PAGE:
The Cycles of Theory Building in Management Research

by Paul R. Carlile & Clayton M. Christensen

Overview — How do business academics know they are categorizing or measuring the best things to help us understand interesting phenomena? Scholars waste a lot of time and energy disparaging and defending various research methods. Yet the stakes are high for business academics to create theory that is intellectually rigorous, practically useful, and able to stand the tests of time. The authors describe a three-stage process for building theory; discuss the role of anomalies for building better theory; and suggest how scholars can refine research questions, carry out projects, and design student coursework. Key concepts include:

  • A common language about the research process will help management scholars build more effectively on each other's work.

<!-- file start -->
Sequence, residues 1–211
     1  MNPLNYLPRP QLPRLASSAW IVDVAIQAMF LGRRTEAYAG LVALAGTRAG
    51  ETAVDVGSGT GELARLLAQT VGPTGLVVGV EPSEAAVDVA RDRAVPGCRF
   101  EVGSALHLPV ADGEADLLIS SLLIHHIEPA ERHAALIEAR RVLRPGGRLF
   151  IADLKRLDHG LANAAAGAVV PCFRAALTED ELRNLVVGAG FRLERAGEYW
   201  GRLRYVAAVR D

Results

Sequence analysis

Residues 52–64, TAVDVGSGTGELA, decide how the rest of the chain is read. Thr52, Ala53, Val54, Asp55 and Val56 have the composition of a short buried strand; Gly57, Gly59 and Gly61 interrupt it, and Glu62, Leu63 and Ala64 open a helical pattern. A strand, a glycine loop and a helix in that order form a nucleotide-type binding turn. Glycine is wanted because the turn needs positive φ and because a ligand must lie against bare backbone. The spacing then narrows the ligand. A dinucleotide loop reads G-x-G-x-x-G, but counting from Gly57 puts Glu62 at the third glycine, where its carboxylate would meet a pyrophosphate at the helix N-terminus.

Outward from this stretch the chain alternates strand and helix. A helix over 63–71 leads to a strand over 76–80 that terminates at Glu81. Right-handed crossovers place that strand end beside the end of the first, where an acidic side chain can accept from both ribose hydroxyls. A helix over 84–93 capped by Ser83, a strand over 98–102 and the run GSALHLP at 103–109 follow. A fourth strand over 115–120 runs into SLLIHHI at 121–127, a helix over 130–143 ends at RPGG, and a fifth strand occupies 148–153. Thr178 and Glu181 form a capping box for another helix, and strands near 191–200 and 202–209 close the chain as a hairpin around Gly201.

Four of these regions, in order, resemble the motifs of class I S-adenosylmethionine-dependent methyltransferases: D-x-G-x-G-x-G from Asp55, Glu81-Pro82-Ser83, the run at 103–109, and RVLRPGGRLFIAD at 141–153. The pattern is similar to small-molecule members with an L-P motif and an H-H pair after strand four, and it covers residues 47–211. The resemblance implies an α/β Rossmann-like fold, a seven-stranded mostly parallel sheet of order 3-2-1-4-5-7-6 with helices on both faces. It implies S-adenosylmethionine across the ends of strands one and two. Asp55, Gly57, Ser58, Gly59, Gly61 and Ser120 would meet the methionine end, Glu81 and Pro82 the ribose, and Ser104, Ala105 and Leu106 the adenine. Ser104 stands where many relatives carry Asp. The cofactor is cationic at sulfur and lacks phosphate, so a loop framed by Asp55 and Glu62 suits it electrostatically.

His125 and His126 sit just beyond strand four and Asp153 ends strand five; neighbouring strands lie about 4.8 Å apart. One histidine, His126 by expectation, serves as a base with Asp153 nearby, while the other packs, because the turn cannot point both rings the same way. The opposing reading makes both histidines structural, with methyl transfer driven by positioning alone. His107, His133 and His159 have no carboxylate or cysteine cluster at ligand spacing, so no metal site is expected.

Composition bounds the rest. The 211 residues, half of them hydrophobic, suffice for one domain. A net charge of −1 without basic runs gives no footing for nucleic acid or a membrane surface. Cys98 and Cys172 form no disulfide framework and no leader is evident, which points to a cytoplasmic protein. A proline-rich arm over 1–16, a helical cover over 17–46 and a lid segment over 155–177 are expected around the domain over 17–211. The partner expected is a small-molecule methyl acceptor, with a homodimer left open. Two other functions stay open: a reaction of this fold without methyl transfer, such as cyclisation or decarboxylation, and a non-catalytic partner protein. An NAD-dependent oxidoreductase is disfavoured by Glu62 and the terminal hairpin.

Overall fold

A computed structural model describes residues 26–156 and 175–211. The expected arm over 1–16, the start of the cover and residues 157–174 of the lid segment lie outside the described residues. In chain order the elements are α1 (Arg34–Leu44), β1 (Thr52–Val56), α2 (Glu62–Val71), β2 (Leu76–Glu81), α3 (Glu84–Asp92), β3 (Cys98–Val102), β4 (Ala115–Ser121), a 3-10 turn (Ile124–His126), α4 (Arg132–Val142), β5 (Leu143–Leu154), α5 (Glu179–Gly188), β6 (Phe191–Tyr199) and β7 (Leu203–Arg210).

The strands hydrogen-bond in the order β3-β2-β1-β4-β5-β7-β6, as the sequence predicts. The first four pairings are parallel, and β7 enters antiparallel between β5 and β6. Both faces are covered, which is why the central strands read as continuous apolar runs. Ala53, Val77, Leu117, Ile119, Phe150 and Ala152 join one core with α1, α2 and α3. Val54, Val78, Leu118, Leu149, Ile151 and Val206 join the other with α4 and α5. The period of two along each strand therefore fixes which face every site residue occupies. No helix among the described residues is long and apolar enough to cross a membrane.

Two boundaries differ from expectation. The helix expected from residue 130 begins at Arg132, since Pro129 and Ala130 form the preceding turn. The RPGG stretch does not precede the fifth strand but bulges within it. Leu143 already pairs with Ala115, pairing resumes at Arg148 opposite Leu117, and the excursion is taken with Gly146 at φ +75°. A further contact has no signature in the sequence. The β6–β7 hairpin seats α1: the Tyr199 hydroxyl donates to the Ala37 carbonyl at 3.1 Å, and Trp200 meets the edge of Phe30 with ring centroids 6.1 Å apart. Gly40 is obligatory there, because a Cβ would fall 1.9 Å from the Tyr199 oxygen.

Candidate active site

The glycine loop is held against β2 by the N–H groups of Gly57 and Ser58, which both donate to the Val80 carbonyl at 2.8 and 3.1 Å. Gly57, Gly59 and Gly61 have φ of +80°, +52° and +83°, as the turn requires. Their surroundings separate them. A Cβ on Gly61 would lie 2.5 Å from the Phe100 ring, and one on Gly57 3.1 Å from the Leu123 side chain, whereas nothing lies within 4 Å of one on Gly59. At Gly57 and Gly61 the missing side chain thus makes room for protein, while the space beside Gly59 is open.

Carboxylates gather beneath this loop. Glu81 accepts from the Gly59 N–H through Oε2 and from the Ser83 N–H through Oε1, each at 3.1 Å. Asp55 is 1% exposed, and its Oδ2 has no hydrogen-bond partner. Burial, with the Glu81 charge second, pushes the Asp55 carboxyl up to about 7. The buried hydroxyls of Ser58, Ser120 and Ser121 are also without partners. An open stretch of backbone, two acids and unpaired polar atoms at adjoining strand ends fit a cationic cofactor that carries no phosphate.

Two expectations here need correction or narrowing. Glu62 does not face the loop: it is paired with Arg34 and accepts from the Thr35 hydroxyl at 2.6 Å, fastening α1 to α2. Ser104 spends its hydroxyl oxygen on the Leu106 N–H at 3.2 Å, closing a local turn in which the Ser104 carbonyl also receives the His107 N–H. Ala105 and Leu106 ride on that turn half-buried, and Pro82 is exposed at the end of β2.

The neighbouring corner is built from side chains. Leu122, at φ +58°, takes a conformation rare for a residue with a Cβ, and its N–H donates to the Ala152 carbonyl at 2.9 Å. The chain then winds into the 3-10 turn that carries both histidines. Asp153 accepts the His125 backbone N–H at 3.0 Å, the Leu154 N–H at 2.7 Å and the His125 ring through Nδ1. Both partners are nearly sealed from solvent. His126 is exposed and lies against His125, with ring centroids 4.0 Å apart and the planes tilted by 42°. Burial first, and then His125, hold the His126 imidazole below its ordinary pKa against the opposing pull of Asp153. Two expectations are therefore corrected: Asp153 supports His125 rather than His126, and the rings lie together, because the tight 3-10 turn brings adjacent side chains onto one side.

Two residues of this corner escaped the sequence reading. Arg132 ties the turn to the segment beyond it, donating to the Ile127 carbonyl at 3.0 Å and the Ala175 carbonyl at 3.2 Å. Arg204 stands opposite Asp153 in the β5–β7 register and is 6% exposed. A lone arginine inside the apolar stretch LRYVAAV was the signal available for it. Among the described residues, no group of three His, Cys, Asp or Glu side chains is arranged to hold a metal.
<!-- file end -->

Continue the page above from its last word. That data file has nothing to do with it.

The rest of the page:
• If management researchers follow a robust, reliable process, even the most "average" among them can produce and publish research that is of high value to academics and practitioners.
  • The dichotomy that many people see between teaching and research need not create conflict.

Author Abstract

Starting from the assumption that good theories are of practical value, this paper offers an account of what theory-building research is and how it is done. Rather than arguing on one side of a debate about deductive vs. inductive or qualitative vs. quantitative, this paper describes the cycle through which theory-building research continually passes. We argue that the cycle passes through three stages: description, categorization and causality. When new descriptions reveal anomalies the cycle is repeated and current theory can be potentially altered. By building a common understanding of the theory building process, we hope this will help avoid many of the debates that sidetrack our "collective" research efforts and identify potential changes in how we design research programs, evaluate each others' work and teach the craft of scholarship to our students.

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